Tom Morello, The Nightwatchman, Union Town (New West Records, 2011)
The drama began when Wisconsin Governor Scott Walker indicated that his budget would strip public workers of collective bargaining rights. Since Walker had all the votes he needed from his followers, it appeared to be a done deal. However, there was a catch: the budget could pass only if there were a quorum for the vote. Absent the fourteen Democratic senators, no quorum, no vote, no budget approval. To the chagrin of Walker and his party leaders, the Democratic senators, subsequently dubbed the "Fab 14," skipped town, biding their time in Illinois.
The border-crossing was an inspired ploy that bought time for tens of thousands of protesters to occupy the capitol building and adjacent streets, and brought national attention to the plight of Wisconsin workers. Guitarist for Rage Against the Machine, Tom Morello, aka the Night Watchman, told Rolling Stone Magazine how he became involved:
"… I've strummed my guitar at innumerable demonstrations. I've been arrested more times than I'm willing to put in print in support of striking workers. But I thought now is the time to take a break. I have a 16-month-old son crawling around on the floor and another baby boy about to be born any day now… But when I turned on the television and saw 100,000 people marching through the streets of MADISON, WISCONSIN to protest an anti-union bill put forward by… Governor Walker, it caught my attention. I turned to my wife and said, "Honey, our boys are gonna grow up to be union men." She sighed and replied, "The Nightwatchman is needed. You should go. ("Frostbite and Freedom: Tom Morello on the Battle of Madison" in Rolling Stone).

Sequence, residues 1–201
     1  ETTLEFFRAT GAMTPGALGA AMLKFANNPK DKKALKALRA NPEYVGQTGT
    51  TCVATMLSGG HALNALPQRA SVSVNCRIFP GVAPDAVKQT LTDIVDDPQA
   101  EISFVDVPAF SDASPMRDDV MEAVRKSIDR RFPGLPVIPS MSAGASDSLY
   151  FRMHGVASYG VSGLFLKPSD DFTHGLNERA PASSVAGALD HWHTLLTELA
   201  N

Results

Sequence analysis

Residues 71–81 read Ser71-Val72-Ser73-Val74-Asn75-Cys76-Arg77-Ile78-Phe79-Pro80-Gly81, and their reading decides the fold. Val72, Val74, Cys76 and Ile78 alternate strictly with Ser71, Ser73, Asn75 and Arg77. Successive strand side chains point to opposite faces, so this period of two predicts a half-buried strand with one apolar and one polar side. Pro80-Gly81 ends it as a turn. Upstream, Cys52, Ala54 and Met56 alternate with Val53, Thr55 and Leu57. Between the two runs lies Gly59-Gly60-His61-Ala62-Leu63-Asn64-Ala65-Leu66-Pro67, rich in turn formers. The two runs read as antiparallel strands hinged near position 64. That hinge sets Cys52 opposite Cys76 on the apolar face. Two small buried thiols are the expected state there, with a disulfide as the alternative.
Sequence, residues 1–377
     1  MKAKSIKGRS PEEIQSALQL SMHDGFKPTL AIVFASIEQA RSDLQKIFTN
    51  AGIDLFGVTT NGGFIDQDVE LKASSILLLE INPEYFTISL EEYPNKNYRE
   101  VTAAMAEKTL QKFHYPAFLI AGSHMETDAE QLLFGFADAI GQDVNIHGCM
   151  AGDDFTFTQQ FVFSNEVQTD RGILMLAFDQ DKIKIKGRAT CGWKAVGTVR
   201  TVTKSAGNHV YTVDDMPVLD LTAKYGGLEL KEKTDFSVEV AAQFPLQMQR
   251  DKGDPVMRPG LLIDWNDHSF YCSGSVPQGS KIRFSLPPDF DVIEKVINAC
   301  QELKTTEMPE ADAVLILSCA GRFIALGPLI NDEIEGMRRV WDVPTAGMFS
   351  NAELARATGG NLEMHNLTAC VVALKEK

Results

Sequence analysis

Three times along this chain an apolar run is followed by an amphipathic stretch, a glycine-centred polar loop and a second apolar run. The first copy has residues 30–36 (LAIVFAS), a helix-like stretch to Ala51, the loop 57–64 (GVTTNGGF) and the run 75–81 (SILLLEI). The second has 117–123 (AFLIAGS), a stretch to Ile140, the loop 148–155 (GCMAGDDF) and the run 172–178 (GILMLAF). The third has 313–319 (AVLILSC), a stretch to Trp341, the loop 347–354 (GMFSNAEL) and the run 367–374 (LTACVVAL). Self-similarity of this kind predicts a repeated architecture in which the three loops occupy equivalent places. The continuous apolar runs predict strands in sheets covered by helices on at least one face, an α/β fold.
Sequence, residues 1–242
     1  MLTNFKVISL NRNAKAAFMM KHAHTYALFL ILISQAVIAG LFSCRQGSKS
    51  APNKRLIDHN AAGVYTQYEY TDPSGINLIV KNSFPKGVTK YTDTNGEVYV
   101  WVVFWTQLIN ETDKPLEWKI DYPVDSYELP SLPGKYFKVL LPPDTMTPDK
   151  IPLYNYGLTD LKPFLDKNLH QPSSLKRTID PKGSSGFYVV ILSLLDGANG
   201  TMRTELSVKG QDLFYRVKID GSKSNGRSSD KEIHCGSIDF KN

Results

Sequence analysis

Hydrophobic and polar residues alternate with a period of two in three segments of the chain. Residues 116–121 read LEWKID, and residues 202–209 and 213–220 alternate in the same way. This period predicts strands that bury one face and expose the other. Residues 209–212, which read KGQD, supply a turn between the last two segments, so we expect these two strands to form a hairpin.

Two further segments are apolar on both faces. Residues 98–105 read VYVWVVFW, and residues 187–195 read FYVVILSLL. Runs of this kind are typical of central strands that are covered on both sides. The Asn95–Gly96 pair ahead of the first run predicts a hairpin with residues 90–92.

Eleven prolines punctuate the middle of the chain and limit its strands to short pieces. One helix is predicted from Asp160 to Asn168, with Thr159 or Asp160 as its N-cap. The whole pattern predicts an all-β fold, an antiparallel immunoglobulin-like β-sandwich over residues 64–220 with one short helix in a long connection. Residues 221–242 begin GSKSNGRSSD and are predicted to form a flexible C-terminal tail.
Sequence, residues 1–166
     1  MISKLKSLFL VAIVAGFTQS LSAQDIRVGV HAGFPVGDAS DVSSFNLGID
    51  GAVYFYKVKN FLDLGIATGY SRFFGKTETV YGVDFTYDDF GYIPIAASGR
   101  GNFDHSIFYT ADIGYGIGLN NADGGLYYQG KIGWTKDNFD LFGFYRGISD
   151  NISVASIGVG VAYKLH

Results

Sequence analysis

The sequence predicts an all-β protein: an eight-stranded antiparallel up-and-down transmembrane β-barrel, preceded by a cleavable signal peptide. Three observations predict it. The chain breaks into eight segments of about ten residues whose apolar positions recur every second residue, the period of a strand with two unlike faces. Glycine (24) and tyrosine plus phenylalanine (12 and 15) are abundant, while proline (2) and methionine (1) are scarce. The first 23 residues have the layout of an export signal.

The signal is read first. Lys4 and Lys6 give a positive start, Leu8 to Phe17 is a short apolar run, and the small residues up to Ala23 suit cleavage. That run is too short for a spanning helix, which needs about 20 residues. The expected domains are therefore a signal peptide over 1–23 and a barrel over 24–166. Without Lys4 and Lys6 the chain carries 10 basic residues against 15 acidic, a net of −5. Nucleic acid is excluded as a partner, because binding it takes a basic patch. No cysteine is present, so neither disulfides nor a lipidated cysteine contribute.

The title cut and opening track, "Union Town," with its references to the kids locked in the Capitol, is a paean to the protesters in Madison. Most of the subsequent songs are old chestnuts like "Which Side Are You On?," "I Dreamed I Saw Joe Hill Last Night," "16 Tons," and "This Land is Your Land." The final cut, "Union Song," was recorded live in Madison on February 21, 2011.
On this pro-labor collection, the Morello bookends are shots of adrenaline, energy for starting the race and crossing the finish line; in between are songs for the long haul. In contrast to the Morello opener, the performance of the subsequent song, "Which Side Are You On?," is subdued, likewise with Morello's closer and the much quieter penultimate cut, "I Dreamed I Saw Joe Hill Last Night." At the center of the CD, the worker in "16 Tons" is defiant but "another day older and deeper in debt." And, while the chorus in Woody Guthrie's answer to Irving Berlin's "God Bless America" is affirming, "this land is your land, this land is my land," some of its verses paint a different picture.
At 1:17 a.m., on February 25, while the Democratic senators were out of state, Governor Walker's supporters passed a rewritten bill — one that did not require a quorum for a vote — which stripped public employees of their collective bargaining rights. For some this was a great victory, for others an occasion to recall Woody Guthrie's "national anthem."
In the squares of the city, in the shadow of the steeple
Near the relief office I see my people
And some are grumblin' and all are wonderin'
If this land's still made for you and me
("This Land is Your Land")